Nightly News | December 03, 2010
>>> here in new york city , we call our firefighters the bravest. they're there when you need them. they run in when others are running out, and nothing seems to scare them except perhaps talking about themselves. but with one of their own, it can be different. tonight, our robert bazell has a story about a firefighter making a difference.
>> reporter: george fowler, a lieutenant in the fire department of new york , leads the men on ladder 38 in the bronx.
>> you take that little extra second to get yourself squared away.
>> reporter: he also runs family and marriage counseling sessions. fowler began training as a therapist soon after he signed on as a firefighter in 1995 .
>> basically, i wanted to do a second career, have something lined up for after i retire.
>> reporter: but he never thought he would be treating firefighters or their families. 9/11 changed all that. the burdens on the survivors included enormous family and marital strains.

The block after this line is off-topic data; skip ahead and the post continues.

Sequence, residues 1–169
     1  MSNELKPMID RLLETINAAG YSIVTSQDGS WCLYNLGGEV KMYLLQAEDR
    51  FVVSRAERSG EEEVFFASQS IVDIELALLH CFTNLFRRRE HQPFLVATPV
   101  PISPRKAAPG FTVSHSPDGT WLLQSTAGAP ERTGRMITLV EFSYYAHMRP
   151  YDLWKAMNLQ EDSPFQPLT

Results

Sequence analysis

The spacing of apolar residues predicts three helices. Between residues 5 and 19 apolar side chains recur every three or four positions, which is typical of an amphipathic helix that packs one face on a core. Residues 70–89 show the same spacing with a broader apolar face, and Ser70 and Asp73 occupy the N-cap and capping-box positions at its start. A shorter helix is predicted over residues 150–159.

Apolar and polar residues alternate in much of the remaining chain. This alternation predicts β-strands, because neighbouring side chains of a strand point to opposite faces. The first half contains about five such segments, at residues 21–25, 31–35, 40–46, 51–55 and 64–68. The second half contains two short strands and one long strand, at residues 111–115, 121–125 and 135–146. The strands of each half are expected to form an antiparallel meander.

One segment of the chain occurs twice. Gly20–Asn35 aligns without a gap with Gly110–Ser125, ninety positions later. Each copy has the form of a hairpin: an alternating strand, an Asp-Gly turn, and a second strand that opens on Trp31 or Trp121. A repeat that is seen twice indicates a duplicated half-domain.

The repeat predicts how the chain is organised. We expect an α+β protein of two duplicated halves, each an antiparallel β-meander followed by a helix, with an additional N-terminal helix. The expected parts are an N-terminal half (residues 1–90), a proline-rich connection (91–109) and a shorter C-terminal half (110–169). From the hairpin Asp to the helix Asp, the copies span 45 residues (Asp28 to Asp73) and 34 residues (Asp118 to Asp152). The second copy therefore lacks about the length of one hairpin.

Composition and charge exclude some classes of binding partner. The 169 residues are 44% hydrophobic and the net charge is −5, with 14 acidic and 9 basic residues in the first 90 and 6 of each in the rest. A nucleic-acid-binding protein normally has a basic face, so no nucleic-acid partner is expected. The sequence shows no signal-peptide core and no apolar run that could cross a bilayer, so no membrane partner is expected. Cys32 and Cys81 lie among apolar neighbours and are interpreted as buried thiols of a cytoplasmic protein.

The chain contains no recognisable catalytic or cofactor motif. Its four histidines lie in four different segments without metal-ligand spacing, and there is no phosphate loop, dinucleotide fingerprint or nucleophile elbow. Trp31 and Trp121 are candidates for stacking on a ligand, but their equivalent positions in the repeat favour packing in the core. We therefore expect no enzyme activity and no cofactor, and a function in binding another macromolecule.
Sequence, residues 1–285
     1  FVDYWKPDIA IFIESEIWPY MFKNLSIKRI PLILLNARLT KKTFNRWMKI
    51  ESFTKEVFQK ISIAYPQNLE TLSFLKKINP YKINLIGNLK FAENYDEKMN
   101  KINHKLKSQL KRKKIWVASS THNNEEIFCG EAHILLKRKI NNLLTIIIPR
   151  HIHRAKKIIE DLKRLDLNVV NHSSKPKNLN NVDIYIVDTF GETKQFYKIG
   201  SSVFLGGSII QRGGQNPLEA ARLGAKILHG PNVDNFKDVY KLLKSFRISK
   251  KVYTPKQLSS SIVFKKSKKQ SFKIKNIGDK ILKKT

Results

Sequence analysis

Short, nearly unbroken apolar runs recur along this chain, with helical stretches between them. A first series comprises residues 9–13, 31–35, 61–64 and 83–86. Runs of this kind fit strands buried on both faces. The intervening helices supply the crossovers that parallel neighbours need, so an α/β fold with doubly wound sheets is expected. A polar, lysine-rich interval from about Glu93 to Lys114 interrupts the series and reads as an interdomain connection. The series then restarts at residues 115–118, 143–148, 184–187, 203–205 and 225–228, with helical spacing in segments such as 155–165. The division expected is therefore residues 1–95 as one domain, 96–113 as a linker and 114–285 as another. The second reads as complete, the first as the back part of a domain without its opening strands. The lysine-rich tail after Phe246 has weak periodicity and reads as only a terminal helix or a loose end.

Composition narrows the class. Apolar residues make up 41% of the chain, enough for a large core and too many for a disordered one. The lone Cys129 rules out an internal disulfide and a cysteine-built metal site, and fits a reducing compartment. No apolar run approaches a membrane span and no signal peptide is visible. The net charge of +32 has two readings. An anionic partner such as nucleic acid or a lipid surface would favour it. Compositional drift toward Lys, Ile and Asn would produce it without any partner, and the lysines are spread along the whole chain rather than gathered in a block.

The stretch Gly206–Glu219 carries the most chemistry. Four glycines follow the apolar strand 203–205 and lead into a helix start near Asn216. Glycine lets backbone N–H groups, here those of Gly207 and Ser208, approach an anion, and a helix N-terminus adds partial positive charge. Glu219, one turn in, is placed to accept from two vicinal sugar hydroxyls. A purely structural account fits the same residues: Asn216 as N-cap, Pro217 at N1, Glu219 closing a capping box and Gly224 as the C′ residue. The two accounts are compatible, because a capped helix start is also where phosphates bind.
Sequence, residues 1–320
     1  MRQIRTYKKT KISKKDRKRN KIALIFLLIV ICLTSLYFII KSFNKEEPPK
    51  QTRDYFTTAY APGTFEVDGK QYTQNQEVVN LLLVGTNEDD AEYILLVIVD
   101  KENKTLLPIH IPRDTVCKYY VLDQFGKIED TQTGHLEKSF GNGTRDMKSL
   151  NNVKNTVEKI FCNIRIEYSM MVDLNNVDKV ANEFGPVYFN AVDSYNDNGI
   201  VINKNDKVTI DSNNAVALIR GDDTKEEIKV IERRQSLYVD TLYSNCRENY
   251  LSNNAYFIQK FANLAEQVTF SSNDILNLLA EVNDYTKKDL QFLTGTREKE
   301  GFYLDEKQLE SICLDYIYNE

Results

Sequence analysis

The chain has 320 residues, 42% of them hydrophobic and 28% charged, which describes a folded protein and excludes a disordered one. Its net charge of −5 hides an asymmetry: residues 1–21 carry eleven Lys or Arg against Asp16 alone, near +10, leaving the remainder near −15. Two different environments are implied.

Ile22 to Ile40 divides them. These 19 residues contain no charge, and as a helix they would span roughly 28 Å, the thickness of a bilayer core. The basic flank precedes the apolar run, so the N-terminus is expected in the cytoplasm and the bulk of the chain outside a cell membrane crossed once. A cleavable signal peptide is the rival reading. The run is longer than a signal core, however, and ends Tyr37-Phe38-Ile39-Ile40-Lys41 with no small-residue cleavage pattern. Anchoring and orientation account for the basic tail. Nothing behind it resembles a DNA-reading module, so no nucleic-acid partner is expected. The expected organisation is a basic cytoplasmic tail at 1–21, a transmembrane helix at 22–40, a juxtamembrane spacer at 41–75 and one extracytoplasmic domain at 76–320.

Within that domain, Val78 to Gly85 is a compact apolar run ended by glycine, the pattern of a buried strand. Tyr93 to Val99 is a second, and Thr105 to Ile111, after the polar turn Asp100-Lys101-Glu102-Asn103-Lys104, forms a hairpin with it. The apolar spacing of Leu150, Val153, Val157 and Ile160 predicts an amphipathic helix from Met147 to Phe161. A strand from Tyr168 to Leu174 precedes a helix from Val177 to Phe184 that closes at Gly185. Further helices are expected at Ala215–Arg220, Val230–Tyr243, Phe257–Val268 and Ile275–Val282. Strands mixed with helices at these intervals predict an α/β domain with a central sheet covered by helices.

>> having an understanding of the culture.
>> reporter: fowler joined a huge counseling team, helping the fdny and made a profound discovery.
>> in the firehouse, i learned so much about relationships and what makes relationships work. i learned more there than i learned in my graduate program .
>> i'm not sure if the average person realizes what a dangerous job being a firefighter is.
>> reporter: margaret's son was a firefighter killed in the line of duty after 9/11. she says fowler helped her cope in many ways.
>> in any fire where you lose a firefighter, no one's fault but errors get made. and if you wanted to dwell on those things, you could drive yourself crazy.
>> reporter: providing counseling for the family that makes up the fire department , naturally led to counseling other similar families, especially the police and the military. fowler has counseled returning iraq and afghanistan veterans and survivors of the ft. hood shootings. he says the key to saving relationships is helping those on active duty deal with their feelings.
>> if you're going to be trained to shut off your emotions to do a great job, i think it's only fair to kind of train you to turn them back on.
>> reporter: making a difference by serving on the front line and helping others who do. robert bazell , nbc news, new york.